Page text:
II International Forum on Socialist Ecological Politics

The II World Congress of the International Socialist League took place in Barcelona just 90 days ago. At that event, with representatives from almost 30 countries on all 5 continents, one of the main resolutions was to convene a new International Forum on Socialist Ecological Politics. On July 8, during a whole day, seven panels with speakers from all latitudes will present analysis and proposals for militant action to face what is possibly the greatest challenge of our time: overcoming the socio-environmental collapse that is taking place on the planet.

By Mariano Rosa

Socialists have to incorporate the socio-environmental agenda into our political action platform, as a priority. The ISL, since its foundation, collectively assumed this task. Because transforming the world, emancipating humanity socially, economically and politically from capital, means reversing, with transitional measures, the disastrous legacy that the current mode of production is accumulating. The red alerts are enormous, and it is key to be aware of the scale of the problem. The latest report from the Intergovernmental Group of Experts on Climate Change (which depends on the UN), has reaffirmed very serious data:

  • A warming of 1.5 C° (Celsius degrees) would have consequences that are very difficult to counteract in social terms: the displacement of millions of people, droughts, unbearable heat and floods due to changes in the behavior of the rains.
  • The objective of the Paris Summit (2016) of reducing global warming to less than that figure already seems difficult to achieve, almost utopian given the absence of mitigation measures and urgent radical change.
  • The greatest threat of this type, without a doubt, is the feared retreat of gigantic glaciers in Antarctica: they alone could raise the sea level by around four meters.

The report uses the slogan “every ton of CO2 counts.” And indeed it does. Just to mention the impact of imperialist militarism, the US military industry sends into the atmosphere around 80 million tons of CO2 every year. Add 70 million tons emitted by the US Department of Defense, not counting the emissions of hundreds of military bases abroad. The way out of the socio-environmental crisis is political and anti-capitalist. That is the opinion of reality. And time is pressing.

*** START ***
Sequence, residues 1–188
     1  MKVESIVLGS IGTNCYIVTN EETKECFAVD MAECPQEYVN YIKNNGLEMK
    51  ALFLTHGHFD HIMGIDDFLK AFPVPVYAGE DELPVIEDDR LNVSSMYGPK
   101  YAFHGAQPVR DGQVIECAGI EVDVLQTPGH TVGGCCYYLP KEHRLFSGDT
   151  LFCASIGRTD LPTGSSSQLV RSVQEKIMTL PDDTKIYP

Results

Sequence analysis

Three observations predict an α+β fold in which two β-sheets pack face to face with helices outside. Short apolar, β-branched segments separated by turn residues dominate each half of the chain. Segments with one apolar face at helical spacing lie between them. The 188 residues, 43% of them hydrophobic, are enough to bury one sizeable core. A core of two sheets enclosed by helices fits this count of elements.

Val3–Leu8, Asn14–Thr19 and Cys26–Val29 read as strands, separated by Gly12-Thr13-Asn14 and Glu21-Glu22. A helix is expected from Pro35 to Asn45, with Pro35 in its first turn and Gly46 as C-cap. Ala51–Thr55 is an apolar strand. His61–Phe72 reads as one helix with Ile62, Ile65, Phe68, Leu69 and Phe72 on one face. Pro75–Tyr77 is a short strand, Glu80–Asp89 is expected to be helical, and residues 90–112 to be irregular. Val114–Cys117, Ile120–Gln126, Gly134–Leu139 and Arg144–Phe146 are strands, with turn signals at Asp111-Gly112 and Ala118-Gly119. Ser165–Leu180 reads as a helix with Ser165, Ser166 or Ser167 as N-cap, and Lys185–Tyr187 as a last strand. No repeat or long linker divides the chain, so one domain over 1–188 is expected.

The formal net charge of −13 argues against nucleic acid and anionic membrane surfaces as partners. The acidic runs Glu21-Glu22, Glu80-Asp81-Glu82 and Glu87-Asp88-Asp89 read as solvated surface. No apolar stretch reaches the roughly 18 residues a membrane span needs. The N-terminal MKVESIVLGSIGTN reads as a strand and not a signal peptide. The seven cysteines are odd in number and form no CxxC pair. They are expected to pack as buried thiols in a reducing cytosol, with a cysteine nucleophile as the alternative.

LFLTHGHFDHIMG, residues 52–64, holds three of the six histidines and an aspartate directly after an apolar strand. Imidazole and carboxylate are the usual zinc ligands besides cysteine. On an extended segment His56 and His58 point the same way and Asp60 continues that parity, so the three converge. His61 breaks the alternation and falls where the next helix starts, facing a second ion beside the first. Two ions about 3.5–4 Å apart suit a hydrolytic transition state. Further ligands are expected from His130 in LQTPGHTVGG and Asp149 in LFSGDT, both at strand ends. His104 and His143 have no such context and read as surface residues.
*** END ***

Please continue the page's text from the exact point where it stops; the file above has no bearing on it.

Capital, an irreversible precipice

The system does not produce socially necessary things, but values, to maximize the profits of the owners. The latter wage a relentless competitive war among themselves to increase labor productivity. To achieve this, they resort to increasingly advanced machinery. Therefore, producing for the sake of producing (which means “consuming for the sake of consuming”) is not a contingent effect of capitalism, but rather a congenital trait. This mode of production requires accumulation and private hoarding. In his most famous book, “The Theory of Economic Development,” bourgeois economist Schumpeter summarized this bluntly: “Capitalism without accumulation is a contradiction in its own terms.” Marx stated that “the only limit of capital is capital itself.” With this formulation, he implied that capital, not as a “lot of money,” but as a social relationship -which implies that a quantity of money is transformed into more money thanks to the extraction of surplus value corresponding to unpaid work- derives in the “exploitation of its two main sources of wealth: labor force and nature.” So, as a first basic conclusion: within the framework of the current world-economy, there is no way out of the perspective of approaching catastrophe.

Stalinist productivism, a disaster

Marxism is attacked in the socio-environmental debate from both right and left (ideologically speaking). The indefensible balance sheet of the experience of 20th century “real socialism,” that is, the bureaucratic wreck of the USSR and Eastern Europe, is used to this end. It would take too long to explain here in detail some of the ecological atrocities commited by this distortion:

  • The draining of the Aral Sea due to the bureaucratic construction of a 500 kilometer irrigation canal that caused a catastrophe in the region.
  • The nuclear explosion at Chernobyl in 1980.
  • East Germany and Czechoslovakia exceeding the per capita CO2 emissions of the core capitalist countries.